One book that covers this story is Cornish Murders, by John van der Kiste and Nicola Sly. Published in 2007 this book of Cornish murders includes the story of Charlotte Dymond.
The Ballad of Charlotte Dymond, Charles Causley
Immortalised in a ballad "The Ballad of Charlotte Dymond", by Charles Causley, the Matthew Weeks' jury found Matthew guilty of murder and he was hanged at Bodmin Jail. But was he really guilty?
Matthew Weeks was hanged at Bodmin Jail on 20 August 1844.
At the time a stone was laid down where Charlotte's body was found. There's also now a tall memorial stone near to the spot. Charlotte Dymond is buried in Davidstowe churchyard. Perhaps you might like to visit where Charlotte Dymond is buried and leave her some flowers, or another token.
Doubts About Matthew's Guilt
At the time, the case was notorious, the Ballad of Charlotte Dymond helped immortalise the story, but it wasn't until the 1970s that doubts started to be raised about the reliability of Matthew's conviction. Perhaps he was innocent all along.
Pat Munn, a Cornish historian and author, was researching an article about Charlotte Dymond. Pat discovered the original 1844 Prosecution Brief for Matthew Weeks’ trial, sparking off a full investigation of the facts. Pat Munn went on to publish a book in 1978 "The Charlotte Dymond Murder". In her book, Pat Munn carefully goes through each piece of evidence that was presented at the trial, taking it apart, piece by piece.
Pat Munn's conclusion is that, if tried in a court of law today, the evidence would not stand up in court - and Matthew would have been found not guilty.
So popular is the story that the original 1978 book was republished in 2010.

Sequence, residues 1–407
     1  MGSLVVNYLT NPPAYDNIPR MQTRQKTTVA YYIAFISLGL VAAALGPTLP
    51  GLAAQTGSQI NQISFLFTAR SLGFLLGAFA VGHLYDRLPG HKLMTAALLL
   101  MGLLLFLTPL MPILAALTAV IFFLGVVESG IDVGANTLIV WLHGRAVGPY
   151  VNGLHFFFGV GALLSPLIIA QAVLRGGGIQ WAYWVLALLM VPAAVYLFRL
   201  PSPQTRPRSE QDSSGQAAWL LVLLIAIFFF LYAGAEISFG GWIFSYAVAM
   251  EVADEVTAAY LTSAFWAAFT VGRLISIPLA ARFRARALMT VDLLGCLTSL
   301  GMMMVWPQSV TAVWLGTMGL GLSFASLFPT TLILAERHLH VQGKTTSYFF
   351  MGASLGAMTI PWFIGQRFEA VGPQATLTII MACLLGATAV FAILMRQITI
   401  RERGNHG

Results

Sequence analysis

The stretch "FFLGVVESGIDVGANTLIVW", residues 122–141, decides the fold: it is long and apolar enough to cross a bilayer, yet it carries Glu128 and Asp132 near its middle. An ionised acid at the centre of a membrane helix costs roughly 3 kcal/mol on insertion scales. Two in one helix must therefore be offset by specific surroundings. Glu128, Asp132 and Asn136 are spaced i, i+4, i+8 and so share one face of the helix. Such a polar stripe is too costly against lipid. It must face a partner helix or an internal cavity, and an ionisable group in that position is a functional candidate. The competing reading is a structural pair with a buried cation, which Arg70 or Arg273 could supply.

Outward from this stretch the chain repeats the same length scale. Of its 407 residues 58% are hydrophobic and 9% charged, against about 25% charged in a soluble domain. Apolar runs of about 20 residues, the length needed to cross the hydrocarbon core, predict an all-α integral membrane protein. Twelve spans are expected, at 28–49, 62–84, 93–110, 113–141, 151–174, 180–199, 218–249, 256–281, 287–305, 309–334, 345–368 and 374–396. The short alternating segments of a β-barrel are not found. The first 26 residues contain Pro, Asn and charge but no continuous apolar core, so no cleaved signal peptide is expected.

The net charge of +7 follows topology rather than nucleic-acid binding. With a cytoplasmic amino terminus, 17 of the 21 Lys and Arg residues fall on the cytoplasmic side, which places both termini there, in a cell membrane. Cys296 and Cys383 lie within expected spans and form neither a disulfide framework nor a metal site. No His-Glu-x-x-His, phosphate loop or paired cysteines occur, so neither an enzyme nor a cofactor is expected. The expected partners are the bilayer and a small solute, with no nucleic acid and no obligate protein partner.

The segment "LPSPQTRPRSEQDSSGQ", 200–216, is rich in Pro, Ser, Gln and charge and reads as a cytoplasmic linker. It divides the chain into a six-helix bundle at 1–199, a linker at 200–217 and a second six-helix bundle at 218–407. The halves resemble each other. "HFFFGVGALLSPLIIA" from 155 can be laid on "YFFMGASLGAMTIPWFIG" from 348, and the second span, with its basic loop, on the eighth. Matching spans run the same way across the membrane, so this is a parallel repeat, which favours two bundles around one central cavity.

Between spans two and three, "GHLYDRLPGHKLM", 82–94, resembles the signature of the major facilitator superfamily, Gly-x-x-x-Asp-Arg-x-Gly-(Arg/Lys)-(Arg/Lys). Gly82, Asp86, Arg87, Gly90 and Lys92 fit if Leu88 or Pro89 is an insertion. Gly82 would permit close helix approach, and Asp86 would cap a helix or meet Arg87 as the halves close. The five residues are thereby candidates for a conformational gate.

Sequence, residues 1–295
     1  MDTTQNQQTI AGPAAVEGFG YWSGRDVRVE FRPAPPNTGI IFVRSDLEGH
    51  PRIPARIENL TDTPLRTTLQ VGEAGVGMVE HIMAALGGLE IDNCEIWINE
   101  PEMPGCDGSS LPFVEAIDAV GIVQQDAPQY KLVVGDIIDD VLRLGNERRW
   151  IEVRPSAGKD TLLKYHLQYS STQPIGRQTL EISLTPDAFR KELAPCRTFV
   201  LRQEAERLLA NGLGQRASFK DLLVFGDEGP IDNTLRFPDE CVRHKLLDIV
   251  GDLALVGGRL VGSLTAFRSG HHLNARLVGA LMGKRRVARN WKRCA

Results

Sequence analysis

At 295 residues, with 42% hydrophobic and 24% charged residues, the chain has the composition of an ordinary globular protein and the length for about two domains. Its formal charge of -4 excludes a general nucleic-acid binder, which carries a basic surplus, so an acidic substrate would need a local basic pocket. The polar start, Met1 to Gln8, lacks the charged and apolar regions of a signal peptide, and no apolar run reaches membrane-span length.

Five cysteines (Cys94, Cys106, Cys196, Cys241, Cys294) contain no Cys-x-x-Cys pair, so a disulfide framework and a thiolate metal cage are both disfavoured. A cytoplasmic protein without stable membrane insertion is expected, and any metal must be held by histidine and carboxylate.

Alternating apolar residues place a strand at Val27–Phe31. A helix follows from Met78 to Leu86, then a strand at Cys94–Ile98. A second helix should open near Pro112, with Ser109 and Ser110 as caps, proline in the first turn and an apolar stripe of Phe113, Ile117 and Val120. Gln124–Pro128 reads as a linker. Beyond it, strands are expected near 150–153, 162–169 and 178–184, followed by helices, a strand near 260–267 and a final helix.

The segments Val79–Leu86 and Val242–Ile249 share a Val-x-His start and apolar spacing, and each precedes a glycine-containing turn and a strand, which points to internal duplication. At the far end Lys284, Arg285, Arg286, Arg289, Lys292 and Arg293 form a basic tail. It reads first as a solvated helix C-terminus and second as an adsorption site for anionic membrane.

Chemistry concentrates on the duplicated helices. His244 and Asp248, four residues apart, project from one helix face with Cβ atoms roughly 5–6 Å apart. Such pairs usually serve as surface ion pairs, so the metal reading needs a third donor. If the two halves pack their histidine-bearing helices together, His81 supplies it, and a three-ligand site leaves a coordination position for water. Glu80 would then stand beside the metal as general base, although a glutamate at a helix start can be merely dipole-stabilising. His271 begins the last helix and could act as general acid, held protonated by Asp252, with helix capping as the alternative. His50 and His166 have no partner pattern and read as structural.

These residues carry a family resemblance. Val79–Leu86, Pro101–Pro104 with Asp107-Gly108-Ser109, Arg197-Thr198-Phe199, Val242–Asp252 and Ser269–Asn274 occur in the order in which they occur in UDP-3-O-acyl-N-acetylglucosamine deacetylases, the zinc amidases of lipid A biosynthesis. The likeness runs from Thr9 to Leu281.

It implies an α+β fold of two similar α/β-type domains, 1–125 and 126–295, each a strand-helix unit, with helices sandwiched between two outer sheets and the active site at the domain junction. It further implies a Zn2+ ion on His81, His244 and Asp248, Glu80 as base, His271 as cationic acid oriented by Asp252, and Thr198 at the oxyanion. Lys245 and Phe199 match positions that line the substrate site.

However, a crime investigator disagrees with Pat's findings: http://www.lindastratmann.com/CharlotteDymond.html
Which one do you agree with?
Where to Go Next in Bodmin
- Bodmin Jail - Where Matthew Weeks was hanged
Visit the jail where Matthew Weeks spent his last days.
- Bodmin & Wenford Steam Railway
Take a one hour return train trip on the Bodmin & Wenford steam train - or simply look at the steam trains at the station in Bodmin town.
- Lanhydrock House
Under 3 miles away is Lanhydrock House. 2 hour long guided tours round the 49 rooms. Will you see a ghost? There are plenty here.
Directions to the Courtroom Experience
Where, When and How Much?
The venue is in Bodmin town, at the Shire Hall. There are two car parks within 2 minutes' walk of the building.
Opening Hours: Sessions start on the hour, every hour, starting at 11am, last session at 4pm. Easter to end of October Mon-Sat. November-February, Mon-Fri.
- Admission Prices (2017): Adults £3.95, Concessions £2.95, Children £2.50, Family (2+3) £10.95
- Address: Bodmin Shire Hall, Turf Street, Bodmin, Cornwall, PL31 2DQ
- Website: http://www.bodminlive.com/things-to-do/courtroom-experience
As Seen on TV
Following Pat Munn's book in 1978, the investigation was discussed on Pebble Mill, a BBC daytime television programme.
The trial of Charlotte Dymond's alleged murder by Matthew Weeks was re-enacted and televised.
Covering numerous Cornish murders including: Charlotte Dymond (1844)